Wave Resource Estimation Using DHI MIKE - Preparing a Coastline

Published: 2012-02-17
Updated: 2012-02-17
This is a guide to preparing coastline data for analysis using the SW module of DHI MIKE.



This is a guide to preparing coastline data for analysis using the SW module of the DHI MIKE 21 suite, which is part of the DHI MIKE Zero group of applications. The guide assumes that DHI MIKE is installed on a Windows operating system; note that a DHI licence is not required for the following work, but will be required to calculate the results of the simulation.

The major steps in a DHI MIKE SW simulation are as follows:

  • Import and prepare a coastline;
  • Generate a mesh;
  • Apply bathymetry data to the mesh;
  • Set up boundary conditions;
  • Add wind forcing information.

The first of these steps will be considered in greater detail here. Where work is required externally from MIKE (for data retrieval, etc) links to other wiki pages detailing these processes will be provided.


Some of the information written here can be found in the “MIKE ZERO Step-by-step training guide”, in fact many of the other training guides, such as the “MIKE 21 FLOW MODEL Step-by-step training guide”, may be required for this guide where knowledge is assumed. Unfortunately, no training guide is provided for the Spectral Wave (SW) module of MIKE, although a brief outline of the steps required is given in the “MIKE 21 SW User Guide”. Possibly the most useful resource for the process illustrated here can be found in the “MESH GENERATOR” section of the “MIKE ZERO PREPROCESSING & POSTPROCESSING User Guide”. It shows a detailed example of setting up a small mesh and this page follows the same structure. All the DHI MIKE documentation is provided with the installed software.

Coastline Data Resolution

The first step in producing a mesh for a MIKE 21 SW simulation is to import and prepare a coastline. The fidelity of this coastline is extremely important as the MIKE meshing tool will match the grid to each boundary point provided. The mesher is capable of adding additional boundary points but it is not capable of removing or ignoring some. This manipulation must be done by the user either in advance of importing the mesh into MIKE or within the MIKE mesh editor itself.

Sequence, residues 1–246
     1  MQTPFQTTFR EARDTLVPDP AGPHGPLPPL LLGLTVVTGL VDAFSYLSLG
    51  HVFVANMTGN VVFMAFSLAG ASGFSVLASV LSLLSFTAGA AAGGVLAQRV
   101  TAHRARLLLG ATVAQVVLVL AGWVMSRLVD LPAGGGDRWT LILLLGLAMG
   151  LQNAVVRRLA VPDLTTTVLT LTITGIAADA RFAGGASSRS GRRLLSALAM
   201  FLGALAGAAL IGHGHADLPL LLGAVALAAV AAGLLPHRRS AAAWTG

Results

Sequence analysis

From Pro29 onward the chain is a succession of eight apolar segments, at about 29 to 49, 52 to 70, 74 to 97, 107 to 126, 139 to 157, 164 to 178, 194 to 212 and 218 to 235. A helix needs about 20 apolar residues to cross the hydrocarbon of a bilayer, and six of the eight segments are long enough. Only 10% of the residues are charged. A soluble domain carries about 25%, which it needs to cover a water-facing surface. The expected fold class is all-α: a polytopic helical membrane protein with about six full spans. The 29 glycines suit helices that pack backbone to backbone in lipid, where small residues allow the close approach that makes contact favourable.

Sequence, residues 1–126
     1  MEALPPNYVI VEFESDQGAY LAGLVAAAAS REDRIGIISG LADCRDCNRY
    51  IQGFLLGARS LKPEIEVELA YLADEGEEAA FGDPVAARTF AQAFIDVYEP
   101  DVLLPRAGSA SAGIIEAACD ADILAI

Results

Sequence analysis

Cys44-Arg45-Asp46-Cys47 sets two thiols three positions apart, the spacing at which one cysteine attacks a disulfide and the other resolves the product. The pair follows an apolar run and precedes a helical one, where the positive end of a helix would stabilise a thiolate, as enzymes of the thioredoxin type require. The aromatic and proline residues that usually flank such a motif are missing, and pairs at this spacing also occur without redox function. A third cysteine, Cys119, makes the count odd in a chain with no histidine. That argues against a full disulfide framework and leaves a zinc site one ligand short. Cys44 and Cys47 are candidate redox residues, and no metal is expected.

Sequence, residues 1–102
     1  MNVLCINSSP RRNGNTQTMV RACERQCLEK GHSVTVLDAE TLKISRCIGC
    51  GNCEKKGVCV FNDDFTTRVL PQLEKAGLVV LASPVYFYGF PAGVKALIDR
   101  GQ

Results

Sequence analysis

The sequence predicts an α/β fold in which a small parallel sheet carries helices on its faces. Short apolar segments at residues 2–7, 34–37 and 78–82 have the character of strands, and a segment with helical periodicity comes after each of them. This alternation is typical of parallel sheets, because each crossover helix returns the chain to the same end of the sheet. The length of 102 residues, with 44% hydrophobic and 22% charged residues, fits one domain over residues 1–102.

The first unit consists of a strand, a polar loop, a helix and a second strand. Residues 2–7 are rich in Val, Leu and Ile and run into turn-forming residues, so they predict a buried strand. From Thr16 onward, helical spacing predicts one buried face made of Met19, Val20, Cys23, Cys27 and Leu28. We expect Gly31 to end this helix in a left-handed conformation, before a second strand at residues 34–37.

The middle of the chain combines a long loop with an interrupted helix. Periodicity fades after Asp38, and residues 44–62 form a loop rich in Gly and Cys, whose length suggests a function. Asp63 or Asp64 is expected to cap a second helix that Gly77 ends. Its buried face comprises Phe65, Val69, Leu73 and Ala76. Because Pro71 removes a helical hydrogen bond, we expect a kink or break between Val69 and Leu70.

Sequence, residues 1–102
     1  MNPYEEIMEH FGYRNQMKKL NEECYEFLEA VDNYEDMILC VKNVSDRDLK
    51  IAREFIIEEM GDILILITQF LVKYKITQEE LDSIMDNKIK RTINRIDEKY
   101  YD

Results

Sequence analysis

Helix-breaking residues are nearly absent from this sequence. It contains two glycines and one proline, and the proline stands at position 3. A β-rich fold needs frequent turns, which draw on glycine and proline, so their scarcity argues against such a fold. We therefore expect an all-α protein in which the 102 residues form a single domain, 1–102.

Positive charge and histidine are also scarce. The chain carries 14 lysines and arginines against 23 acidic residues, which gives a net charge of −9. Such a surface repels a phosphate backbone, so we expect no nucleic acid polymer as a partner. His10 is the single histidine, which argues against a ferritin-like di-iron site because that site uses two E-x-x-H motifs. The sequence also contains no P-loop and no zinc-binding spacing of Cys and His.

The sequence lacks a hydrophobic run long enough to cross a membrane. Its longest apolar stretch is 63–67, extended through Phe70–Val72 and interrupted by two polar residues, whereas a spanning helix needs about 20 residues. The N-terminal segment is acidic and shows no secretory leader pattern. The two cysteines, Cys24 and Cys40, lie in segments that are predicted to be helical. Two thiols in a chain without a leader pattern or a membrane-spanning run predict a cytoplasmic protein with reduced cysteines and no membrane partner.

This restriction raises two important issues. Firstly, particularly for large simulations, various levels of refinement for coastline data may be required depending on the distance from the point of interest. This means that work must be done manually to either merge coastline data at different resolutions or manually edit the highest resolution maps within MIKE itself.This compounds the second issue which relates to the examination of spatial grid convergence; if it takes a large amount of human effort to prepare one coastline then the additional effort to prepare coastlines at three different resolutions may not be available. Even if this effort could be reduced by mixing existing coastline data sets, these only exist at a few different resolutions so there are not many possible combinations.

Ideally, an automated coastline generating database that could produce a whole coastline (or parts of a coastline) at a desired resolution would be available. Unfortunately, no such database currently exists but the process with which it would work is called ”cartographic generalization”. This process reduces the complication of maps as the distance from the point of view increases. Unfortunately, cartographic generalization is not perfect as this point, but some existing software (such as GRASS GIS) is capable of invoking a set of related methods.